Your Camera’s Autofocus is Fine; You’re Just Not Doing This

Moderns cameras have better autofocus than anything that has ever been put forward. 

I’m positive that every photographer has experienced it: you get a new camera and the autofocus system is so incredibly blazing quick. But with time, it starts to not seem so and that shiny new camera looks so much nicer. But the truth is that you’re probably not doing the right maintenance to your camera to ensure that you can keep it up. Seriously, how many of you actually actively maintain your cameras? How many of you have cleaned your sensors? And how many of you have ensured that the autofocus communication is up to par?

I thought so…

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Question: Why Are There Light Leaks on My CineStill Film?

A founder of CineStill weighs in on what’s caused Light Leaks on their film

Tons of photographers absolutely adore CineStill’s films. They give you a look that you simply can’t get at all in digital due to how they’re treated and developed. But one of the biggest problems that has been consistent with CineStill film though is the light leaks that they can give off. And in most cases, one of two things tend to happen.

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Here’s a Creative Way to Think About How Lens Apertures Physically Work

Photographer Nick de Bruijn came up with this really fun way to explain lens apertures to a friend.

When we think about all of the visual graphs in regards to how lens apertures work, there are literal drawings of them. But photographer Nick de Bruijn came up with a special way of explaining how they work simply by using and carefully arranging the lenses themselves. As you can in the image above, the lenses are arranged from top to bottom from 1.2 to f3.5. The way that one is supposed to think about this is the largest aperture is on top (and therefore less closed down) and then smallest is on the bottom. Of course, that all depends on the maximum aperture of the lens–but if you think about the size of this all being in regards to a single lens, then you’ll see how genius this all is.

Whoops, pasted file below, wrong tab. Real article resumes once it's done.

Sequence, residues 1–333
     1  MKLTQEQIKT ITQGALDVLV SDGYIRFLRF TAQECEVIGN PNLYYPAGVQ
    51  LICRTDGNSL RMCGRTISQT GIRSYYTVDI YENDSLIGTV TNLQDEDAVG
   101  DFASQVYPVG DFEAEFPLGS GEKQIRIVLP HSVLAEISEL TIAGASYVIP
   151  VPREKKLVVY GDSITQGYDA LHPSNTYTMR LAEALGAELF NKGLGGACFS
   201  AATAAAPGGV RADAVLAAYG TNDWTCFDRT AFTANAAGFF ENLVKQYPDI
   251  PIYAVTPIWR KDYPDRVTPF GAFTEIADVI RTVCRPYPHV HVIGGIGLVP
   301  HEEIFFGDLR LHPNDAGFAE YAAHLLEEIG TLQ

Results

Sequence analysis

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A Beginner’s Guide to Astrophotography and The Gear Needed to Succeed

astrophotography

Astrophotography is one of the most rewarding genres of photography, and it’s really not as difficult as you might think.

When we think about astrophotography, we often think about creating a sense of wanderlust and awe that we’re all experiencing when we see the photos. I mean, have you ever wanted to be able to capture stunning pictures of the night sky but weren’t really sure what you needed to do, and didn’t really know what equipment you would need? If so this beginner’s guide to astrophotography is for you. In this guide we will take a look at the basics of astrophotography and will cover things such as camera settings, the 500 rule, how to stack images, and we will take a look at the gear you’ll need to create out of this world Milky Way and night sky images.

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Understand the Basics of Camera Settings With This In-Depth Tutorial

Break away from your camera’s auto mode and learn the basics of manual camera settings to get total control of your photos.

So, you’ve decided to move on from your smartphone camera and get a DSLR or mirrorless camera so you can practice photography more seriously. After figuring out your camera’s controls, you can either start shooting right away on Program or Auto mode, or get full control over how your photos will turn out by learning how to set the aperture, shutter speed, and ISO. If the second option sounds interesting to you, we have just the right tutorial to help you get started.